Nutritionist Namrata Manyal on Managing PCOS Through Food & Nutrition

Nutritionist Namrata Manyal on Managing PCOS Through Food & Nutrition

Polycystic Ovary Syndrome (PCOS) is a hormonal disorder that affects nearly 1 in 5 women in India. Even though it is an extremely common syndrome, there is limited information available about it’s management. PCOS is beyond the obvious symptoms such as irregular periods, excessive facial hair, hair thinning, acne, pigmentation & infertility. It also has major implications on physical & mental health. It directly increases the risk of developing Type 2 Diabetes, Thyroid disorders, high cholesterol etc. Other than these, it is closely associated with depression, anxiety, insomnia, frequent headaches, lethargy, brain fog & disordered eating.

Theoretically speaking, the exact cause of PCOS still remains a mystery, however, hormonal irregularities & insulin resistance are the driving factors. While conventional treatment strategies just talk about medications/hormonal pills it is next to impossible to overlook at the side effect these pills hold. Thus, the only proven, tried, tested & trusted method of managing PCOS is : Lifestyle Modifications.


What is Lifestyle Modification?

If you are reading this, I am sure you have come across this phrase more than a million times. Let us first decode the crux of it.

The Pillars of our Lifestyle are:

  • Food & Nutrition
  • Sleep
  • Activity & Movement
  • Relations, Emotions & Thoughts

Thus, when we talk about Lifestyle Modification we should ideally be taking all of the above into consideration & work on them equally.


  • Don’t eat less, eat smart: Extremely low calorie & low carbohydrates diets have often been advocated as a go-to strategy for PCOS. However, it is a big NO. Simply switch from refined calories & carbohydrates to whole foods. Select whole grains over refined cereals, herbal teas or buttermilk over fruit juices & carbonated drinks & natural sweet foods over refined sugars.

  • Go Green: Green leafy vegetables & cruciferous vegetables like cabbage, cauliflower, kale, lettuce, collard greens, broccoli, brussel sprouts support & strengthen the liver & gut. This in turn helps in clearing the excess estrogen, balancing insulin & thus balancing hormones. Make sure to add some greens on a daily basis & cruciferous vegetables at least 2-3 times a week. Make sure cruciferous vegetables are cooked to avoid bloating. Prefer stir-frying or steaming over boiling to preserve bioactive compounds.

  • Where is your protein? Protein is a very important macronutrient & ideally must be included in all meals. Always combine your carbs & proteins to regulate insulin . Not only does it aid in muscle preservation but is also very satiating & balances hormones. If you are a vegan or vegetarian choose dals, beans, lentils, nuts & oilseeds. Non-dairy milk, peas. For my non-vegetarian girls, prefer eggs, fish like salmon, sardine, mackerel, white meat.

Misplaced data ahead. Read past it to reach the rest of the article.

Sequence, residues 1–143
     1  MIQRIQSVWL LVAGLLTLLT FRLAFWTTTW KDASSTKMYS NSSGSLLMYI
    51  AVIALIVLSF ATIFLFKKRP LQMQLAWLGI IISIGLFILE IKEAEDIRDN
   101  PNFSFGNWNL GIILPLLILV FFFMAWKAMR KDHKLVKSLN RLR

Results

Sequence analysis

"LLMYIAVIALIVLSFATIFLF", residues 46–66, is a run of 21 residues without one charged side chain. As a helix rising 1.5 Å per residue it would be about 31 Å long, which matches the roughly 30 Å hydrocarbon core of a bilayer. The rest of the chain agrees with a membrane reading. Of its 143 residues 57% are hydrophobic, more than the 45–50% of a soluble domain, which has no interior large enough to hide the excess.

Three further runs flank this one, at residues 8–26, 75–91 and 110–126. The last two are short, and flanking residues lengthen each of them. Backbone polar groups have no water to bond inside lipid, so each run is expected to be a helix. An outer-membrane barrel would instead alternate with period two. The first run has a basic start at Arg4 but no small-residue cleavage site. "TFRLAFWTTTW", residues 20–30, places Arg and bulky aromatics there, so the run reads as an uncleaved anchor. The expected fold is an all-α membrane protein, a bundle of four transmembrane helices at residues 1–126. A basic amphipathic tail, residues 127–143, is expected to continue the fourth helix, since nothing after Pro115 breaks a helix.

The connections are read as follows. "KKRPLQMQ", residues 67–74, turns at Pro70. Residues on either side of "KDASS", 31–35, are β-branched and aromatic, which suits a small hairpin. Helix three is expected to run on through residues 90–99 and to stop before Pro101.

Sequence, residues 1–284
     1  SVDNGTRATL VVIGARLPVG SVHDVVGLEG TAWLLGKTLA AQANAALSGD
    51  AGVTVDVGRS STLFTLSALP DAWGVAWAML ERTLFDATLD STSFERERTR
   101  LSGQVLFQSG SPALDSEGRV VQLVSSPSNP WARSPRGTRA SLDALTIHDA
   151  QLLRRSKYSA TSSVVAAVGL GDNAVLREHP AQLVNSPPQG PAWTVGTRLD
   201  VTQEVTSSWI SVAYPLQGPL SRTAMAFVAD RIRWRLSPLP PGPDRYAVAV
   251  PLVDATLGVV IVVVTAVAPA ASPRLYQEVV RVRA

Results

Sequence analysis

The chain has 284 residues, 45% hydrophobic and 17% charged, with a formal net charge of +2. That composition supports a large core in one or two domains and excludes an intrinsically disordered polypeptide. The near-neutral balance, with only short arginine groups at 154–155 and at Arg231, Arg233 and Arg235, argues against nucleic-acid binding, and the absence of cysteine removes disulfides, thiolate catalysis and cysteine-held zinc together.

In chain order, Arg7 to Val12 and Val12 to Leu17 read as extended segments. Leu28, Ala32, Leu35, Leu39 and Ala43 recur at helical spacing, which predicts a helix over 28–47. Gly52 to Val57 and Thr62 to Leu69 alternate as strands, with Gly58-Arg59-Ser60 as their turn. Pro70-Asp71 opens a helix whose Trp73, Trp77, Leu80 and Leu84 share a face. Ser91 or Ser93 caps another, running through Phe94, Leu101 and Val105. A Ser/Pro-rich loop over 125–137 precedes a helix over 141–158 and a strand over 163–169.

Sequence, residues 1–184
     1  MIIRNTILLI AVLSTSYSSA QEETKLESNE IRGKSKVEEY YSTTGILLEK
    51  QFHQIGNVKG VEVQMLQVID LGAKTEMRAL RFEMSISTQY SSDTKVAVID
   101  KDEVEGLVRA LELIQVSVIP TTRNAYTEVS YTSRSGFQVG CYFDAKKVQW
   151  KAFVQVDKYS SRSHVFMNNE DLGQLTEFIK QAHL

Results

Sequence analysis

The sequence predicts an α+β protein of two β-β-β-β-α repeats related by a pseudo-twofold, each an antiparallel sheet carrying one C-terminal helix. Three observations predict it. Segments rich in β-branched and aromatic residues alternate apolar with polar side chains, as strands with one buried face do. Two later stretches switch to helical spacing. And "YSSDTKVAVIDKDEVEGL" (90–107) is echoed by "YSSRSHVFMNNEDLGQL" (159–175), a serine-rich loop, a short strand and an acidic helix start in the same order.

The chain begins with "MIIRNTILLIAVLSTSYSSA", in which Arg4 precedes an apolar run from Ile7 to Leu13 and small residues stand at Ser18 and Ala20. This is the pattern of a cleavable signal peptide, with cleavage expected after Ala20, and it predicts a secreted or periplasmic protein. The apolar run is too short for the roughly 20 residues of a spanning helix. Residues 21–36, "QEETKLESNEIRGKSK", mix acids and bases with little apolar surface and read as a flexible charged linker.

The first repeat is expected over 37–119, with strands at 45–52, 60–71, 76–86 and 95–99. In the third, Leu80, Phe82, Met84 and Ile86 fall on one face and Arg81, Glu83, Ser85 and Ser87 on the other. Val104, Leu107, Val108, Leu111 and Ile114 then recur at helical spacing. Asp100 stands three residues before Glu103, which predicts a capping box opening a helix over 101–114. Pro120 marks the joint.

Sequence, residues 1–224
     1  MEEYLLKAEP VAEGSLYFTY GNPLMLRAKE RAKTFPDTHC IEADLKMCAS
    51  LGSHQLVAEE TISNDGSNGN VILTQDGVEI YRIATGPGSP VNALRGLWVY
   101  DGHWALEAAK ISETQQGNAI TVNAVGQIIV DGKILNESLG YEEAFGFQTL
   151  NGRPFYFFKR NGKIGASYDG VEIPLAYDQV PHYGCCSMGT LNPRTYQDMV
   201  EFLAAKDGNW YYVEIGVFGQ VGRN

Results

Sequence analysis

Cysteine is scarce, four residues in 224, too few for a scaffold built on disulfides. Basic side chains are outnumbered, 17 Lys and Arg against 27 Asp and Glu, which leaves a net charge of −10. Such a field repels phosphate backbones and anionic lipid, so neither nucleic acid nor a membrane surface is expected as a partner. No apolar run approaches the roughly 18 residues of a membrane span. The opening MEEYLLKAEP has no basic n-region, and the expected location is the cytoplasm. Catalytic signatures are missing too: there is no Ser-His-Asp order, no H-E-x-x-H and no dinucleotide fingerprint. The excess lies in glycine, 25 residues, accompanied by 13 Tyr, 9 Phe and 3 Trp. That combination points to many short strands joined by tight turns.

• Don’t go low fat: Fat is very essential since all female hormones are fat based. It is the bad-quality & excess fat that is a red flag. Consume a fistful of nuts like almonds, walnuts, pistachios, brazil nuts, pine nuts & about 2 tablespoon of seeds like pumpkin seeds, sunflower seeds, garden cress seeds, flax seeds, white sesame seeds, hemp seeds, chia seeds. You may also follow Seed Cycling for added benefits. Besides good quality fat, these are also sources of essential micronutrients magnesium, zinc, selenium, iron & certain B-complex vitamins. Along with this the fishes mentioned above are also great sources of omega-3 fatty acids.

  • Gluten & Dairy: The most debatable & frequently asked doubt. A Lot of times it is important to go totally gluten free & dairy free especially if you have inflammatory symptoms like bloating, acne & brain fog. However, please do this in a staged & stepwise manner rather than making life difficult for you.

  • Herbs: Many herbs like turmeric, ginger, licorice, cinnamon, ashwagandha have been known to balance hormones. However, the exact dose & use of these herbs varies depending on the type of PCOS, symptoms & presence of any other disorder.

  • Ditch the hormones & chemicals: Many processed foods as well as skin care & hair care products have preservatives, artificial colors & sweeteners, injected hormones. These mimic the action of estrogen & further disrupt hormones. Thus, it is important to go natural & be mindful about your choices.

Listen to your body & mind before you listen to others. Our bodies have a very powerful & natural wisdom to heal and understand what is best for it. What works for one body may not work for another.

This post has been written by Namrata Manyal. She is a Registered Dietitian & Clinical Nutritionist, and a Life Member: Indian Dietetic Association (Mumbai Chapter).

Visit her website here and reach her on Instagram here!

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